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Protests continue as Hinkley decision nears

Protesters called for EDF to abandon the planned project Credit: PA

Campaigners opposed to the planned Hinkley C nuclear power station have continued their protests, as a final decision on the project by French energy company EDF draws near.

A small group of protesters gathered in King's Square in Bridgwater, Somerset, on Thursday, some carrying banners dubbing the project a "white elephant".

One placard read: "Hinkley C will be everyone's financial nightmare".

A small group of protesters gathered in King's Square in Bridgwater Credit: PA

Allan Jefferey, 64, spokesman for campaign group Stop Hinkley, called on EDF to withdraw from the project.

"I would like to urge EDF at their board meeting not to go ahead with what will be financial or commercial suicide," Mr Jefferey said.

"They should take a sensible step forward and go to non-polluting energy like the rest of the world."

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Five US personnel injured fighting Islamic State

US personnel board a Chinook helicopter in the Nangarhar province of Afghanistan in 2014 Credit: Reuters

Five US service personnel were injured while partnering with Afghan special forces in clearing areas controlled by Islamic State in Afghanistan, the U.S. military commander in that country has revealed.

Army General John Nicholson said two of the service members have been returned to duty, while three others were evacuated from Nangarhar province, but are "in good spirits."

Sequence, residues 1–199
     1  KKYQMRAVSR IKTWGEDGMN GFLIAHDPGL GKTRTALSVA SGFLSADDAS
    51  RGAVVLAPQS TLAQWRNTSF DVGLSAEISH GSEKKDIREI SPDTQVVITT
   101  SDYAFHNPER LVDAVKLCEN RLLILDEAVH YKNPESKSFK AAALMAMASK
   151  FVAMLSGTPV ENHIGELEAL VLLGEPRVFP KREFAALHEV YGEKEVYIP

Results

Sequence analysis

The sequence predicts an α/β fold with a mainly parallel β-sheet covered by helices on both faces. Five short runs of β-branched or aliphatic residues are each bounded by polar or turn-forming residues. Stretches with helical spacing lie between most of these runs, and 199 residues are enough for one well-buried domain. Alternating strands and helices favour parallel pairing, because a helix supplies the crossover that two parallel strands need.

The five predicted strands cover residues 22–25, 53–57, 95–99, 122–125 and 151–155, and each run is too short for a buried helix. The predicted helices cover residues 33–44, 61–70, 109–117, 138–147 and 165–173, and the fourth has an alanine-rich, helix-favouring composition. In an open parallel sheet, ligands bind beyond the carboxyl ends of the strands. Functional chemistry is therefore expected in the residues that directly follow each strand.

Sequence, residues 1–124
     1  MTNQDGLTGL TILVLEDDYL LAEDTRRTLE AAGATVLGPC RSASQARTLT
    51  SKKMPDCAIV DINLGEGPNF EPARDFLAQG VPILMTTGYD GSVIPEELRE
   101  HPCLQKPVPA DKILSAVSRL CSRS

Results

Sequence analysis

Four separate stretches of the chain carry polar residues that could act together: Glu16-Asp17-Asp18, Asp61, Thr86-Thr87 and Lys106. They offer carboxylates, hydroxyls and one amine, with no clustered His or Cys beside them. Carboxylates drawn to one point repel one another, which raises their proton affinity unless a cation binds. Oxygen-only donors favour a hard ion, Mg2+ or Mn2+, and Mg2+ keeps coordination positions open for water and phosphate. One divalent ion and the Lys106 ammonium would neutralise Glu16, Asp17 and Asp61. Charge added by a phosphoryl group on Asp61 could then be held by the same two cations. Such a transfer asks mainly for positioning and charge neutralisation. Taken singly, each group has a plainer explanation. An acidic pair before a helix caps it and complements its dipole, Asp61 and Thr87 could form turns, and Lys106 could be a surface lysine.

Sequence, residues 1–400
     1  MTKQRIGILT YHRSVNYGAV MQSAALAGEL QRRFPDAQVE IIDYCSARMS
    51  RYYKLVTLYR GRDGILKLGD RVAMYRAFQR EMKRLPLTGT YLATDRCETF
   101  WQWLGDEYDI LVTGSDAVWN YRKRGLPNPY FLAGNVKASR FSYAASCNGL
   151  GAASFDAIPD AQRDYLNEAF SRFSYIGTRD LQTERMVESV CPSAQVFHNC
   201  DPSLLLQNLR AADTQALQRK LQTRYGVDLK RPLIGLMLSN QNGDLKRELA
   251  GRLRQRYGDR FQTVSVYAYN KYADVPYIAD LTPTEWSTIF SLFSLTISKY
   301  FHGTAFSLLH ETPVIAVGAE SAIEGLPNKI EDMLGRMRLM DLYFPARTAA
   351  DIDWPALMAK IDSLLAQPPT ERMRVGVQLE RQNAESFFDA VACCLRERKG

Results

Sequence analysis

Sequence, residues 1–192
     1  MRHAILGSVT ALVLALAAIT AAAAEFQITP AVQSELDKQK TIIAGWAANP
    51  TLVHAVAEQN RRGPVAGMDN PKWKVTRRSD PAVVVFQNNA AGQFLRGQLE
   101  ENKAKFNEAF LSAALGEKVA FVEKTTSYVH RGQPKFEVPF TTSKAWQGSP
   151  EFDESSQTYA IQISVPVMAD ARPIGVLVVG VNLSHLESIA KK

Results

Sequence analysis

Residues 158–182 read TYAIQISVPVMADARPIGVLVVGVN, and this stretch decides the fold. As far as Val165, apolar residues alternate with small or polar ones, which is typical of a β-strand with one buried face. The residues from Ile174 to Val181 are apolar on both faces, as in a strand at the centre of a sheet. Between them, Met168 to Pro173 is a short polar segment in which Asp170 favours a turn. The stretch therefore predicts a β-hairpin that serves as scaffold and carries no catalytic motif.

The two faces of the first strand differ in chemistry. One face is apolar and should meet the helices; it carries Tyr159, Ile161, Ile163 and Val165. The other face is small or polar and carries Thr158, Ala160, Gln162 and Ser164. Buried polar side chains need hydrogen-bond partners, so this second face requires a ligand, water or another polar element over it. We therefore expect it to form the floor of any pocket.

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Decision not to give Hinkley go-ahead would be a 'shock'

A decision not to give the planned Hinkley Point nuclear power station the go-ahead would be a "shock" given the "prestige" of the project, ITV News' Business Editor Joel Hills said.

"The British government says it's in our national interest," he said. "As it stands one fifth of the electricity we use is generated by nuclear power stations like Hinkley B which is hooked up to the national grid.

"But the fleet is ageing. Hinkley C will be the first nuclear power station to be built since 1995 and will generate around seven per cent of the electricity we need.

"When it's hooked up to the grid, expect energy bills, the government says, to rise by around £10 a year.

"There are undoubtedly some benefits though. Twenty five thousand jobs will be created, 900 of those permanent.

"But the real issue here is keeping the lights on. This is about cleaner, greener, secure energy in the future at an acceptable cost. This project does look mightily expensive, but it's when it starts generating that we should really judge it."

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